We were looking out the office window this afternoon at icicles hanging from the roof and, of course, had only one thought: can you really die from a falling icicle?
Considering the ongoing deep freeze, this seemed like a question that needed answering.
We've heard jokes/warnings about this for years. But, you know, really? Does that actually happen to people? So we decided to do a little research. And it turns out the answer is: yes.
Not that it seems all that common -- except maybe in Russia. It sounds like multiple people get clocked each year in Moscow by falling icicles that are "many meters" long. And just last winter there were reports out of a central Russian city that six people died over the span of three days from falling icicles.
That kind of untimely end seems much more rare here in the US. Apparently Chicago is especially prone to the problem -- maybe it's all the wind. (The sign in the picture on the right is from Chicago.) That last linked article also mentions that Minneapolis and New York City sometimes have this problem.
But all the news stories we turned up were basically anecdotal evidence. So we went searching through PubMed for something a little more systematic. We found one article on the subject -- but we couldn't get access to the text of it. Though maybe the title of the paper, published out of Turkey this past December, says it all: "Falling ice and snow masses: A rare mechanism of injury." Update: Check out Friendly Local Librarian's quick summary of the article.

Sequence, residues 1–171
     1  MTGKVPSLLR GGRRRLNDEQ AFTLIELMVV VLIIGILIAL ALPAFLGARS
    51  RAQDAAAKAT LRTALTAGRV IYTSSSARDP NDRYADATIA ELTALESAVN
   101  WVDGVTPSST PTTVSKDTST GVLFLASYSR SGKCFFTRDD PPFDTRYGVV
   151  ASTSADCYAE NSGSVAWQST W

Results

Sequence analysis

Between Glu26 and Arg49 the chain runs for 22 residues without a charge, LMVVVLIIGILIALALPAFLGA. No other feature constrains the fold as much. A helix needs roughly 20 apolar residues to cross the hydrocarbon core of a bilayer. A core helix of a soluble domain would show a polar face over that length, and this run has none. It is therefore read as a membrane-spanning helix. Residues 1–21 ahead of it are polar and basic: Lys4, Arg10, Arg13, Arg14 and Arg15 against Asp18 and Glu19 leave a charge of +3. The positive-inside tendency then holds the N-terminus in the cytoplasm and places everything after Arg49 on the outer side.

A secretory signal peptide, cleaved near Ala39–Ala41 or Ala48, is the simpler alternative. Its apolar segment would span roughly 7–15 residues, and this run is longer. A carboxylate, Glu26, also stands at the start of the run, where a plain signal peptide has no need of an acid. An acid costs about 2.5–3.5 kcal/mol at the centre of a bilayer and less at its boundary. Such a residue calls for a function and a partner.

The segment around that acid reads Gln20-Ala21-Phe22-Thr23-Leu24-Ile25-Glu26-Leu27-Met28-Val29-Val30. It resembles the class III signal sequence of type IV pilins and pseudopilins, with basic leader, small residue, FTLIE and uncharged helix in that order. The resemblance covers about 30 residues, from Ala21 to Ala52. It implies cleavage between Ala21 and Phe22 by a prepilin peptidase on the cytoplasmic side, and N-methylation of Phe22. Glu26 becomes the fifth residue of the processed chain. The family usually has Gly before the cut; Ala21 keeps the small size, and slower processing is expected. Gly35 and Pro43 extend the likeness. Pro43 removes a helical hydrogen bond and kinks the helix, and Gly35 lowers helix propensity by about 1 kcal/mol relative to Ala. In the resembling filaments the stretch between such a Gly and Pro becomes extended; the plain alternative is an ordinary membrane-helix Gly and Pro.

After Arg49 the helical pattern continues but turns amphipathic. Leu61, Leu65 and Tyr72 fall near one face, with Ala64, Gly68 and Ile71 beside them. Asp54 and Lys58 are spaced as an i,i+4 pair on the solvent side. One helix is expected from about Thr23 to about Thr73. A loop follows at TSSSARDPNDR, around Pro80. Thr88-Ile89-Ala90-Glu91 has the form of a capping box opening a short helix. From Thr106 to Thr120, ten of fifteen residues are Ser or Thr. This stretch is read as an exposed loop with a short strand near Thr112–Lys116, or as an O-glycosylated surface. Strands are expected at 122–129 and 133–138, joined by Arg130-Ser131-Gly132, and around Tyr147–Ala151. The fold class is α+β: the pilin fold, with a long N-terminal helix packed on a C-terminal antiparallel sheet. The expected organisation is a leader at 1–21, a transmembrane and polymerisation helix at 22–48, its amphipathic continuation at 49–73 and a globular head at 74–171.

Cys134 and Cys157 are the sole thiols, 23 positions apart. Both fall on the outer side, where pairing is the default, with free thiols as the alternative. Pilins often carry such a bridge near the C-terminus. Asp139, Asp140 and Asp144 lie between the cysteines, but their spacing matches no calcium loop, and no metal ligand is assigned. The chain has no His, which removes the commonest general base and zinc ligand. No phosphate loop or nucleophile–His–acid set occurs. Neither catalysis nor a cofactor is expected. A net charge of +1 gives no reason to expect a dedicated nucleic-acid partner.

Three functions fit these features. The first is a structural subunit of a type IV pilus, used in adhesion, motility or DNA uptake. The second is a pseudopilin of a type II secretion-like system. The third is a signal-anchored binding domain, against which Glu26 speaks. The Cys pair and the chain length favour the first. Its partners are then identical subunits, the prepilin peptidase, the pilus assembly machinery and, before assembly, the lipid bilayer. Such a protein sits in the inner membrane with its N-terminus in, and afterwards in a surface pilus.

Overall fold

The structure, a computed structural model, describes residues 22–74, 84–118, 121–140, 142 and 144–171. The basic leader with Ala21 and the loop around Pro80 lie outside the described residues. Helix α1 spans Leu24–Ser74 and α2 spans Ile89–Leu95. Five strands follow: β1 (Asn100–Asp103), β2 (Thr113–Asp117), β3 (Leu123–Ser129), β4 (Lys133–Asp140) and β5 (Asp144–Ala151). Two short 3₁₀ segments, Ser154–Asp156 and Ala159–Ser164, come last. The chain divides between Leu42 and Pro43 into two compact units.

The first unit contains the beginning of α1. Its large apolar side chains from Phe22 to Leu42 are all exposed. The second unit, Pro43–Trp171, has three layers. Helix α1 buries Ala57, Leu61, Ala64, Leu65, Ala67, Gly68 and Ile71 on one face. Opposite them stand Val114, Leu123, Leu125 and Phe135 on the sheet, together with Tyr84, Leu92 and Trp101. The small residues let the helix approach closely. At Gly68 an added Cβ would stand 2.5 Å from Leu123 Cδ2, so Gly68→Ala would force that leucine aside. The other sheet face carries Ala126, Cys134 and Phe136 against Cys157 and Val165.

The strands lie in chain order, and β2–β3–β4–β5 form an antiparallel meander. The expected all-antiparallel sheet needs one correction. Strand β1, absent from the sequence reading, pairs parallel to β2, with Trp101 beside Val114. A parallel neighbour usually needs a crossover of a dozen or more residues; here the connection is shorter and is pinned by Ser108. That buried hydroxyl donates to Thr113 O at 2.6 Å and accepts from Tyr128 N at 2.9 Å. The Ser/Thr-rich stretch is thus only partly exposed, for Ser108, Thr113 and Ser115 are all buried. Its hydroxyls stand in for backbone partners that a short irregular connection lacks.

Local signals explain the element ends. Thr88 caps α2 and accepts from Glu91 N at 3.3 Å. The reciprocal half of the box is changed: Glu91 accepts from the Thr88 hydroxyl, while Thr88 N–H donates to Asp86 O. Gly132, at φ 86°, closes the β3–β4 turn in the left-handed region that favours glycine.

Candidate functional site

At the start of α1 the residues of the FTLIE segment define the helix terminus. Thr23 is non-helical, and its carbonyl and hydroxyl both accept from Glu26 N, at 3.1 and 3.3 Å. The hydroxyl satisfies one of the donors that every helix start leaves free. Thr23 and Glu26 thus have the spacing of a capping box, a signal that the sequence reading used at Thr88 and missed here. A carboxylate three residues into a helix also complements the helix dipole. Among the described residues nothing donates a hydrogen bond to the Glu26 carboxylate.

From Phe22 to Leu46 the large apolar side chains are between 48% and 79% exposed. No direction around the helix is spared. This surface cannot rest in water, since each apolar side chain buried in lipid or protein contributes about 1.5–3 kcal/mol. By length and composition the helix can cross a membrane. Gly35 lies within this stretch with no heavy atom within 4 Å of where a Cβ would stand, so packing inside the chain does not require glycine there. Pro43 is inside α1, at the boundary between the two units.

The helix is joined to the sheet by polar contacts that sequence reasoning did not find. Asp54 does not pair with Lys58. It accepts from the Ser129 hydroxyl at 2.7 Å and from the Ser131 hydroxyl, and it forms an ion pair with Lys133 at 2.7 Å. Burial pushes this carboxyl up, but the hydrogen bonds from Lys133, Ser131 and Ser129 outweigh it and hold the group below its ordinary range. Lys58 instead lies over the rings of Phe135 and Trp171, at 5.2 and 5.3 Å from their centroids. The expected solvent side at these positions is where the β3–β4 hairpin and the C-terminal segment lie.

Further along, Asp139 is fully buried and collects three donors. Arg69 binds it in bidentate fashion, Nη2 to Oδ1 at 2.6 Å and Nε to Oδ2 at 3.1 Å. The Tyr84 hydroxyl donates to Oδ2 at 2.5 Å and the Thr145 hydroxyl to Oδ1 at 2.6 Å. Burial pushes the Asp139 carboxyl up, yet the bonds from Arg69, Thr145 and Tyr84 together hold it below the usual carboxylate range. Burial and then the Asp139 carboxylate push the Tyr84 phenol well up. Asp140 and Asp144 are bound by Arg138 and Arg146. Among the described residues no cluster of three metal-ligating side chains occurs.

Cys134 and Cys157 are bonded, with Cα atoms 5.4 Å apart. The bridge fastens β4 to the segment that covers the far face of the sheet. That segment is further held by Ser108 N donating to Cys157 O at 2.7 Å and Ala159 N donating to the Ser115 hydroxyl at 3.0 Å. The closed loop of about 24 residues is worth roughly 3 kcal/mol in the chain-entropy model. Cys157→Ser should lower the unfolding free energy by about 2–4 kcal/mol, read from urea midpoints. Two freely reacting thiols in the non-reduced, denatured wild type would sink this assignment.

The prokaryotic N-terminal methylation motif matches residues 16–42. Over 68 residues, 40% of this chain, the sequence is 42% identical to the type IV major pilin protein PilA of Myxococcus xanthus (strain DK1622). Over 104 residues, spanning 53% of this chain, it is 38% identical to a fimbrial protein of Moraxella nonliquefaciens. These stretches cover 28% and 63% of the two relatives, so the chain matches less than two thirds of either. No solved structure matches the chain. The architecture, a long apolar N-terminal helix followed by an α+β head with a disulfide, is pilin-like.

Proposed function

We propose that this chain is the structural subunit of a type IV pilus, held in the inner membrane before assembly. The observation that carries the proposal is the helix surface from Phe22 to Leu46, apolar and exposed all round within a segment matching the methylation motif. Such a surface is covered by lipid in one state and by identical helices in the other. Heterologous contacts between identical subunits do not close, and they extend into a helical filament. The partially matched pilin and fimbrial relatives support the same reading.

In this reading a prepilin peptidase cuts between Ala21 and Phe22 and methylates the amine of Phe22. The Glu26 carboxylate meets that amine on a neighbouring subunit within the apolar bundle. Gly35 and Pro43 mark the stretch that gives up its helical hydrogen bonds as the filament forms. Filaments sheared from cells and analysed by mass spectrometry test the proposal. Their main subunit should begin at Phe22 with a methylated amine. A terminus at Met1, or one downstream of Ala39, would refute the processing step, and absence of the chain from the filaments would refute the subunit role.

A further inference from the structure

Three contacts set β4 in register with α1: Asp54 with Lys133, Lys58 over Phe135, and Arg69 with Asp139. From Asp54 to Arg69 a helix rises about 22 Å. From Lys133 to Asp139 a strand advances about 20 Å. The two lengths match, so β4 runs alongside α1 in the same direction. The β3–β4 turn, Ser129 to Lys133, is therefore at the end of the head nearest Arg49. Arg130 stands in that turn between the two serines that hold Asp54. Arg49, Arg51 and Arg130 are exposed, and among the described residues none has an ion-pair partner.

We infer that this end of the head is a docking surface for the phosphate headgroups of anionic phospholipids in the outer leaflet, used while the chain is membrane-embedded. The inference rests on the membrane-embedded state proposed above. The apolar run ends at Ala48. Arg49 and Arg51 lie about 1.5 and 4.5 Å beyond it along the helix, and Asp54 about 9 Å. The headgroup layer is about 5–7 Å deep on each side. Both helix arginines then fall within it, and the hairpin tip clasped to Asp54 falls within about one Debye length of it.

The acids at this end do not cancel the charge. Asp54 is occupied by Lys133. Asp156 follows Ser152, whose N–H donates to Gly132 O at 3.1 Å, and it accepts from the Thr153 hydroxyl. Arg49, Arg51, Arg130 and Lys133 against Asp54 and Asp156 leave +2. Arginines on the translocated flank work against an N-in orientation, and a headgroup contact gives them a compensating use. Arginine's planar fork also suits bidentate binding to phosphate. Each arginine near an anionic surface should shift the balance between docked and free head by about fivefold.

By the way, the best -- and by best, we mean worst -- story we found about death by icicle came from a 1903 edition of the New York Times (emphasis added):
CASSOPOLIS, Mich., Jan. 27 -- Charles Daniels, a volunteer during the Spanish war, and since that time a policeman here, was killed last night by a huge icicle which fell upon him as he was making rounds and cut off the top of his head.
photo: Flickr user Jason McHuff
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